The lyrics to her song are included below, followed by a register of the accompanying scroll painting in figure 4:

Everyone getting together, save the trees, oh people!
Everyone getting together, save the trees!

If you plant trees,
You will be doing people a good service.
The air you breath comes from the trees.
Oh people, everyone getting together, save the trees!

If trees remain on the banks of the pond,
You’ll have three times as many fish.
Embrace the earth firmly,
It’ll never be destroyed.
Oh people, everyone getting together, save the trees!

You’ll get good service from the palm tree.
The palm’s juice you can eat as candy.
The benefits are endless, the necessity of all.
Oh people, everyone getting together, save the trees!

If lots of trees remain,
Oh, there won’t be any erosion.
There won’t be any danger from rainstorms.
Their produce will increase.
Oh people, everyone getting together, save the trees!

The birth of medicine is from trees.
Its benefit is it saves lives.
Think of ayurvedic medicine.
Everyone do it!
Oh people, everyone getting together, save the trees!

Without trees, the earth would die.
There wouldn’t be farming on the lands.
People wouldn’t be able to move around,
Without vehicles made from them.
Oh people, everyone getting together, save the trees!

In a tree there is life, though.
That’s why I say plant trees.
In this country and abroad, plant gardens.
This is my prayer.
Oh people, everyone getting together, save the trees!

If there are gardens on this land and abroad,
You’ll all get benefits.
There’s lots of food on the road to cook and eat.
The tree is a necessity.
Oh people, everyone getting together, save the trees!

My mother’s home is in Pingla Block.
Its address is in Medinipur District.
I am singing the song ‘saving the trees.’
Rani Chitrakar.
Oh people, everyone getting together, save the trees!

Figure 4: Two frames from a pat used to accompany a song about tree planting (photo courtesy of the Museum of International Folk Art [FA.2002.34.7.2]).
Rani Chitrakar is one of the first women in Naya to become a scroll singer, and since then, many other women have joined in the chorus. Although they belong to an a cappella tradition, they sometimes sing as a group during special occasions, such as weddings, circumcisions, and other rites of passage (see figure 5). Her repertoire consists of traditional, sacred material, but she is best known for songs about gender inequality, various forms of disease (e.g., diarrhea and malaria), and environmental awareness, as the song above suggests. Her movement toward the social was stimulated primarily by NGOs, as adumbrated above, who were concerned about deforestation in her district, which was widespread by the mid-seventies. The drastic situation that was leading toward a barren wasteland had to be countered they argued, which led to a campaign to reforest the area. Rani was a part of that campaign.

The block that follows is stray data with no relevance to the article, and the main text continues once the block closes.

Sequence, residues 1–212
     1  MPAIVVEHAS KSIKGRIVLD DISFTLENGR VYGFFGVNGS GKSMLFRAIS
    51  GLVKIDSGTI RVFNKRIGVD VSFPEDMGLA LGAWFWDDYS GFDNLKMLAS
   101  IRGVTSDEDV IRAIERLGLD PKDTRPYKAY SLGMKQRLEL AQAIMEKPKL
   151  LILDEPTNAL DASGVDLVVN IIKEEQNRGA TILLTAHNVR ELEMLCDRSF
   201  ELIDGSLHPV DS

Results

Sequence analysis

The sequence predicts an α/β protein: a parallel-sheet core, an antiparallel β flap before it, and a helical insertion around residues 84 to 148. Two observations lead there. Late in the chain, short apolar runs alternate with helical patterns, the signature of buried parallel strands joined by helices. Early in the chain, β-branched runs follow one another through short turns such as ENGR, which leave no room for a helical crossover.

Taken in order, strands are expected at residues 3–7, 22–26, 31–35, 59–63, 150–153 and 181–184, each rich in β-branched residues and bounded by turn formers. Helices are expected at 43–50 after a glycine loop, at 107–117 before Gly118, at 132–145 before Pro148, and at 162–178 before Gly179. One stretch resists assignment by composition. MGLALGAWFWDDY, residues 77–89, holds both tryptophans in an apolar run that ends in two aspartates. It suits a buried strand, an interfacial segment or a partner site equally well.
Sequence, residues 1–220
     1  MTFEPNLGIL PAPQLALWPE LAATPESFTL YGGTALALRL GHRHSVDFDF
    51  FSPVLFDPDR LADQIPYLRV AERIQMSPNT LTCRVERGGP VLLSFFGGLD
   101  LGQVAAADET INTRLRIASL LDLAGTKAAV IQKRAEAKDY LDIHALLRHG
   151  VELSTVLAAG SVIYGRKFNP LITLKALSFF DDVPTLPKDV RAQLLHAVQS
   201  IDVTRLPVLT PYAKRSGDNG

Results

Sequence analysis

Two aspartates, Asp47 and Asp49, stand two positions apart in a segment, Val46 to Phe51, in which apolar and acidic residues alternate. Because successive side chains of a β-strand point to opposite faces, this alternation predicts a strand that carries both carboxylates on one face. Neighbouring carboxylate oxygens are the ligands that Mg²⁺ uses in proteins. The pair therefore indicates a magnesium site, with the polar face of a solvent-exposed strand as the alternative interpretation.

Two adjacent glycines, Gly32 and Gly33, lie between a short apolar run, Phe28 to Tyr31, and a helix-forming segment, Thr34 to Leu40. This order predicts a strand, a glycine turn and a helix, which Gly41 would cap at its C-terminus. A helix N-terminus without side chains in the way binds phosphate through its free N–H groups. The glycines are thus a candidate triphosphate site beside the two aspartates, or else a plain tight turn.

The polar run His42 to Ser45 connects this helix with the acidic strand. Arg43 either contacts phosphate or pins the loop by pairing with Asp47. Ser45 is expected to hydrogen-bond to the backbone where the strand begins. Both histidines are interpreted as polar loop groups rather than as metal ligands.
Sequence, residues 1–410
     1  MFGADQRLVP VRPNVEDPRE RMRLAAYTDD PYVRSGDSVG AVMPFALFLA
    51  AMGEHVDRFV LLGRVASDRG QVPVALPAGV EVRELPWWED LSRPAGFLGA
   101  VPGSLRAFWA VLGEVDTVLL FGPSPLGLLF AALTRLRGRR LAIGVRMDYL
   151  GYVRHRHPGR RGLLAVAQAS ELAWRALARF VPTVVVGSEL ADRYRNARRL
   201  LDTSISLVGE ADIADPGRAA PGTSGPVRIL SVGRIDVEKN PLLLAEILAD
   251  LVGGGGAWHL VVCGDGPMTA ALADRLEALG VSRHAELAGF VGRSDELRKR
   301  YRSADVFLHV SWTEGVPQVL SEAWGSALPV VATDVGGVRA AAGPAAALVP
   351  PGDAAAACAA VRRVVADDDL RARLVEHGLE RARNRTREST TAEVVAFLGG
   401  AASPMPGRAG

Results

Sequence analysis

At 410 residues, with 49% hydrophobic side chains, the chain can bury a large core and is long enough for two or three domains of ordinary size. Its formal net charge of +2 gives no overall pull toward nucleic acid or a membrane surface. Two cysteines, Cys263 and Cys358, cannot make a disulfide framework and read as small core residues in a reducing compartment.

Figure 5: The female singers of Naya with a scroll dedicated to the Hindu snake goddess, Manasa, about whom they sing at festivals when paid to do so (photo by and courtesy of the author).

Rani also sang songs about education, something she had very little of when she was growing up. Therefore, she wanted to forge a better life for her daughter by singing the praises of literacy, as she does in this next song that she performed for me in 2002, with her young daughter sitting nearby and listening closely:

Please listen, listen everyone, please listen attentively!

If you don’t learn to read or write,
In the end it will be your death.
Please listen, listen everyone, please listen attentively!

Handing you a pen, you’ll get very embarrassed,
If you can’t read or write, that’s a big mistake, brother!
If you can’t read or write, brother,
When the letters arrive, what trouble you’ll get.
Taking that letter to have read,
The babu (gentleman) says “no time.”
If you don’t learn to read or write, that’s a big mistake, brother!
If you don’t learn to read or write, that’s a big mistake, brother!

It is necessary for all of the girls and boys.
Please send the boys and girls to school.
These days it is necessary of all fathers and mothers,
To send their children to school.
They’ll learn to read and write,
And smiles will blossom on their faces.
If you don’t learn to read or write, that’s a big mistake, brother!
If you don’t learn to read or write, that’s a big mistake, brother!
Handing you a pen, you’ll get very embarrassed.
If you can’t read or write, that’s a big mistake, brother!

These days there are old people who
Learn to read or write,
Learn to read and write.
Learning, though, is something that never ends.
There is also no end to reading and writing.
There is also no end to reading and writing.
If you don’t learn to read or write, that’s a big mistake, brother!
If you don’t learn to read or write, that’s a big mistake, brother!

If there is no reading and writing,